For Jacki Apple’s piece, a clown-like assemblage costume from The Garden Planet Revisited, a one-hour opera performed in the early 1980s at a NASA launch site, one can either listen to a monologue by Charlie, the opera’s protagonist, or listen to Apple elaborate on the performance.“We got away with a lot because NASA was still relatively civilian then,” Apple recounts in a recent recording.

The costume from Eleanor Antin’s “Eleanora Antinova on the Road” (1973 – 2002)

Other pieces had similarly socio-political undertones (and even, arguably, overtones), including a costume and suitcase from Eleanor Antin’s Eleanora Antinova on the Road, an ongoing character enactment played out between 1973 and 2002 of the only “black ballerina of the Ballet Russes.”

John M. White, “Conceptual Striptease” (1972) (click to enlarge)

The costume was fascinating, as was the recording of Antin in character; the clearly Caucasian mannequin, however, left a bit to be desired in terms of animism and ethnic accuracy. Two other pieces — a reconstruction of Barbara Smith’s Nude Frieze (1972) and John M. White’s Conceptual Striptease of the same year — also made apparent the absence of their respective enactors. Yet what LACE’s presentation of ephemera lacked in Antin’s Eleanora, it made up for in the intriguing, web-like aesthetic of both White’s and Smith’s reconstructions, which clearly lend themselves to an exhibition of performance ephemera.

On another wall, one can listen to video artist Hirokazu Kosaka poetically impart childhood anecdotes to explain his connection to the bow and arrow in his work Arrow Track Bestriding the Retina (1979), or observe the kitsch costuming of performance duo Bob & Bob’s Sex is Stupid (1978).

The most interesting recording, however, accompanied the humblest display of ephemera — the garment and International Blue glasses for Paul McCarthy’s Simulated Blind Flying (1970). In the recording, McCarthy explains the apparel as the last of three pieces enacted as homages to Yves Klein in the late 1960s and 1970s, and goes on to recount a laughable story. While studying at the University of Utah, a friend told McCarthy of Klein’s Leap Into the Void (1960), a performance demonstrating against the perceived hubris of the NASA lunar expeditions and ultimately remembered by the art world via its documentation — a well-known black and white photograph by Harry Shunk of Klein leaping off a wall toward the pavement below. During the first of McCarthy’s three homages, he and a friend jumped out a second story window and a short time later, McCarthy jumped alone from the second story of the sculpture building. McCarthy didn’t find out until 10 years later than Klein had staged his performance with the aid of a net. Interestingly enough, this and other anecdotes are really what make the exhibition, not the visual aspect of the ephemera.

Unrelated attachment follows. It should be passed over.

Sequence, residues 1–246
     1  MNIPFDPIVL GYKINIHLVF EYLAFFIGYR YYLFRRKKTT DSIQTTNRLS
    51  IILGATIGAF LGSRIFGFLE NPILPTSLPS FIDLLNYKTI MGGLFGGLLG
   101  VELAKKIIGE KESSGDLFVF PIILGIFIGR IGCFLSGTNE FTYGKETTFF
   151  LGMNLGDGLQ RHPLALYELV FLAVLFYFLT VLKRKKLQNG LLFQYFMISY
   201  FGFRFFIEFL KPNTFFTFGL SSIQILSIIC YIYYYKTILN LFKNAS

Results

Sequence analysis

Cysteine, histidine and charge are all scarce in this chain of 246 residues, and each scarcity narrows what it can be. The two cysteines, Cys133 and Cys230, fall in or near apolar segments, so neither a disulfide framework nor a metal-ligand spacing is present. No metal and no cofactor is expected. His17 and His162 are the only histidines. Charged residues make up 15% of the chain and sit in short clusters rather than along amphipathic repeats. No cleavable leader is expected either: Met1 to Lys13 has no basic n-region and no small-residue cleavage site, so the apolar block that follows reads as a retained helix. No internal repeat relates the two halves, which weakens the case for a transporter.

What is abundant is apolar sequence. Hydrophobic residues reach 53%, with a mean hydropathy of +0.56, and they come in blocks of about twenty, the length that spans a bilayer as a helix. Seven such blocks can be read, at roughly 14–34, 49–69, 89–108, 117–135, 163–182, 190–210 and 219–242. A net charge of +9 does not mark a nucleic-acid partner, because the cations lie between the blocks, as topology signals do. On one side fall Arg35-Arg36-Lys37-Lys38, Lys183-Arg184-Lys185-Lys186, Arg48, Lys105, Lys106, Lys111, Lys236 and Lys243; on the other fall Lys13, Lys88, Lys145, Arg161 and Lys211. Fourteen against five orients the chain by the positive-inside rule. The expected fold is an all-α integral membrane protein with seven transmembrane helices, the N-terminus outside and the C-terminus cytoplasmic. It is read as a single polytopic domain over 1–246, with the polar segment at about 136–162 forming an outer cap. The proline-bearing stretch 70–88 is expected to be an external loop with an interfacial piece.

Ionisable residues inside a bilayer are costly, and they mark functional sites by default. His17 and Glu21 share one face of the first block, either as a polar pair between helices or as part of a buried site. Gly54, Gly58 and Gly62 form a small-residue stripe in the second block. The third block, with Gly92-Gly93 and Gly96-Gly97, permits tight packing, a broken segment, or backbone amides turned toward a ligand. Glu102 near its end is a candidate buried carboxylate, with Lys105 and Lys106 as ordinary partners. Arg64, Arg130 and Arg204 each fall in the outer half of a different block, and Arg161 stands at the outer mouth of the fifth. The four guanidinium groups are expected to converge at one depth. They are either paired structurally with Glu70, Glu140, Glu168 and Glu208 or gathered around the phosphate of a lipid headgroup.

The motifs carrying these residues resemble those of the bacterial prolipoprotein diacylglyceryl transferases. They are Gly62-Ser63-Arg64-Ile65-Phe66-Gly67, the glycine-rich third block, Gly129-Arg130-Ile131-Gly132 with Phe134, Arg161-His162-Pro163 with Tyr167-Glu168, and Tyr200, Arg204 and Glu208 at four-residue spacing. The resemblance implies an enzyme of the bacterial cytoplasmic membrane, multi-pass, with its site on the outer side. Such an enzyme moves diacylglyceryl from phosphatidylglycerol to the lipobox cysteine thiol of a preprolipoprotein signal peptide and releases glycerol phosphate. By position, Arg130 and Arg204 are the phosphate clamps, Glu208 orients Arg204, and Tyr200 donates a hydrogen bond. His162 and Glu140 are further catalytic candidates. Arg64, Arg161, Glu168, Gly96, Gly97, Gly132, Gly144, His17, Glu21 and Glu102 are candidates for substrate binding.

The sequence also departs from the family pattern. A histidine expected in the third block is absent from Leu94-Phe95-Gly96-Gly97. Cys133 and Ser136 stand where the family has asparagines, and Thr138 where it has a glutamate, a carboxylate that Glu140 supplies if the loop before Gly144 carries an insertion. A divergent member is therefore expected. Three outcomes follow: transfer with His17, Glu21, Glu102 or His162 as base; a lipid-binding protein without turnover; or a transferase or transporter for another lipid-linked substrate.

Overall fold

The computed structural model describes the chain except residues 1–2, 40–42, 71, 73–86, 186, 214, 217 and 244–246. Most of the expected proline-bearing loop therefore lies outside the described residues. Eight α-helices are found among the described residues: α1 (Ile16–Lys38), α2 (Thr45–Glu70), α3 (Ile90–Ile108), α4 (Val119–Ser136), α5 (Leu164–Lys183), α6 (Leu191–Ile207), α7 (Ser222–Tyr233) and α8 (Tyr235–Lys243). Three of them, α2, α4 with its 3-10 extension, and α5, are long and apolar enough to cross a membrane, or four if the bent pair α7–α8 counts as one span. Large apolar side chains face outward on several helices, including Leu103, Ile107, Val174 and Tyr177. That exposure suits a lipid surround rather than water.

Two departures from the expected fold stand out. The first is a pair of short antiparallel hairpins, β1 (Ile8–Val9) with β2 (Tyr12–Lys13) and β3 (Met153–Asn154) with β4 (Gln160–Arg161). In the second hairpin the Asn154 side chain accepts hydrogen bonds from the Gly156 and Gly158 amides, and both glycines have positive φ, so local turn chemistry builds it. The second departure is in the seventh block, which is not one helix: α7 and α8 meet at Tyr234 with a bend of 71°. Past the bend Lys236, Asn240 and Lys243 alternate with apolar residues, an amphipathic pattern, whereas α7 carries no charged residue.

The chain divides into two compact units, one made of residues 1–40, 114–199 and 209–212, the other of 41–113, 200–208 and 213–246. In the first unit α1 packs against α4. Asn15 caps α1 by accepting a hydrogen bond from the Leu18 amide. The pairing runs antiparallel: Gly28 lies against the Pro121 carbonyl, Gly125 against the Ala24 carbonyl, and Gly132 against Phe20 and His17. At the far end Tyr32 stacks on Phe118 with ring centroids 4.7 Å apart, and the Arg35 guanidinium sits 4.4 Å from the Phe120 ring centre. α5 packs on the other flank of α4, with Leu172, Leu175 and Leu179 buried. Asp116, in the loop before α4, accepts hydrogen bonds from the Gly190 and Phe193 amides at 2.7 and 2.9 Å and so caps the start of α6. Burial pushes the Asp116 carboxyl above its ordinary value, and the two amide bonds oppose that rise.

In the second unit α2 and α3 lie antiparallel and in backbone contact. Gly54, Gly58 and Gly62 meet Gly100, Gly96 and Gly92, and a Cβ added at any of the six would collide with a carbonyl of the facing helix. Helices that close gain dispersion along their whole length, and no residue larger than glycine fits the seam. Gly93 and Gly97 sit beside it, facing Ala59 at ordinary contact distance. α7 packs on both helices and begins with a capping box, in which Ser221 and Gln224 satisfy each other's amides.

Though the performances of the day left much to be desired, the program for upcoming performances through 2012 looks compelling. Moreover, making the trek to Hollywood for a day, if only to listen to the audio recordings and have a peek at the costumes and ephemera of such a strong crop of artists of the 1970s and 1980s is well worth the trip to LACE.

Creative Proposals took place at LA Contemporary Exhibitions (6522 Hollywood Blvd., Los Angeles, California) on October 29 from 10am to 6pm. LOS ANGELES GOES LIVE: Performance Art in Southern California 1970 – 1983 opened on September 27, 2011 and will be on view at LACE until January 29, 2012.

Elizabeth Miller is a freelance curator, writer, and PhD student in Art History, Theory and Criticism at UC San Diego. Her research focuses on the historiographic tensions of post-war performance art via...